That's surprisingly low - where's it from?

Last year Gallup got 38% who said that "God created humans in present form within last 10,000 years", vs 38% for "Humans evolved, God guided process" and 19% for "Humans evolved, God had no part in process". (Respondents were asked which of these three statements came closest to their views.)

There are various Slate articles about it. It depends what degree of confidence you want to call someone a YEC. It also depends how you interpret the question - "God created humans in present form within the last 10,000 years" doesn't logically have to imply YEC. You could be an OEC or even a TE who nevertheless thought humans were a special creation of God within that time frame.

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Might as well ask the bloody cat.

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Dave W.
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That's true, but I also found a reference to a 2008 Harris survey on "Americans' Beliefs and Knowledge about Creationism, the Role of God, 'Intelligent Design', and Human Evolution" in which 39% of respondents agreed that "God created the universe, the earth, the sun, moon, stars, plants, animals, and the first two people within the past 10 000 years" which sounds like YEC to me.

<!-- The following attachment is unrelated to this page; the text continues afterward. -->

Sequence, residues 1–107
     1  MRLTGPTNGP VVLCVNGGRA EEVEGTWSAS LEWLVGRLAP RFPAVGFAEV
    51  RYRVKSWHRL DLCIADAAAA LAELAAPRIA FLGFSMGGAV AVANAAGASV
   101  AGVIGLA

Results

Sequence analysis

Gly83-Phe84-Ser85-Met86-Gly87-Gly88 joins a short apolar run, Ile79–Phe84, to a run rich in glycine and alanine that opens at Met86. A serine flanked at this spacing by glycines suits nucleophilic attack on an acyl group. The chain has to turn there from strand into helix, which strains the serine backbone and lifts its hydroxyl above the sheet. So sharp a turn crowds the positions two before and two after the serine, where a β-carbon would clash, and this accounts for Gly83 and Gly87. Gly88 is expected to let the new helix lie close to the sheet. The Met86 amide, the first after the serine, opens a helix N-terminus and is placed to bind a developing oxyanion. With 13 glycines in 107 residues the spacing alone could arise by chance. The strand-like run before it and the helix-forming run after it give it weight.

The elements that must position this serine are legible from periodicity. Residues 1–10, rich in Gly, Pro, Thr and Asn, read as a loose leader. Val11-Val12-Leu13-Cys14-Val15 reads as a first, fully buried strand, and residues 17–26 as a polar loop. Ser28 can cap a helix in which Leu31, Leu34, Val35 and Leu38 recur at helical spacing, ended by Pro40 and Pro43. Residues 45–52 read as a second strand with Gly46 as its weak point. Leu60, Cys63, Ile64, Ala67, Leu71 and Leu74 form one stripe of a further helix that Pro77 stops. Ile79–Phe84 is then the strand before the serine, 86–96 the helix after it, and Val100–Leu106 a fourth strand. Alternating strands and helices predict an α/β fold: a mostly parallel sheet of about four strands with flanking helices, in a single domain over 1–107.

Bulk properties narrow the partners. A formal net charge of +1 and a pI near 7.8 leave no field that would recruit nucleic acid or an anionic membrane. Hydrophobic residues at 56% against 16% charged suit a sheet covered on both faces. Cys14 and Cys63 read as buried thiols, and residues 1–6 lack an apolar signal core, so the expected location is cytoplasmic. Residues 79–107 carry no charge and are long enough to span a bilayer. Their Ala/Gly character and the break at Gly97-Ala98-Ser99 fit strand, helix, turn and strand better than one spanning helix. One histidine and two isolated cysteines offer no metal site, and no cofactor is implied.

(N.B. In the same survey only 19% said that the statement "The earth is less than 10 000 years old." is true, so I'm not really sure what it means to say people "think" or "believe" something based on answers to questions like these.)

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Gee D
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I think it confirms that YEC people are as stupid as you would have expected. Maybe 10,000 years is not young though, you have to accept Abp Ussher's calculation of 4004 BC to fall into that category......

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Gamaliel
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I think Kaplan's observations about evangelicalism broadly hold, and whilst it would be difficult to prove, I'd suggest that the percentage of YEC-cies overall would lie somewhere between the lowest figure cited and the higher ones postulated.

I'd also suggest that hard-line YEC-ers, like very hard-line Calvinists, make a great deal more noise in relation to their numbers than some other forms of evangelical, and consequently appear more numerous than they actually are.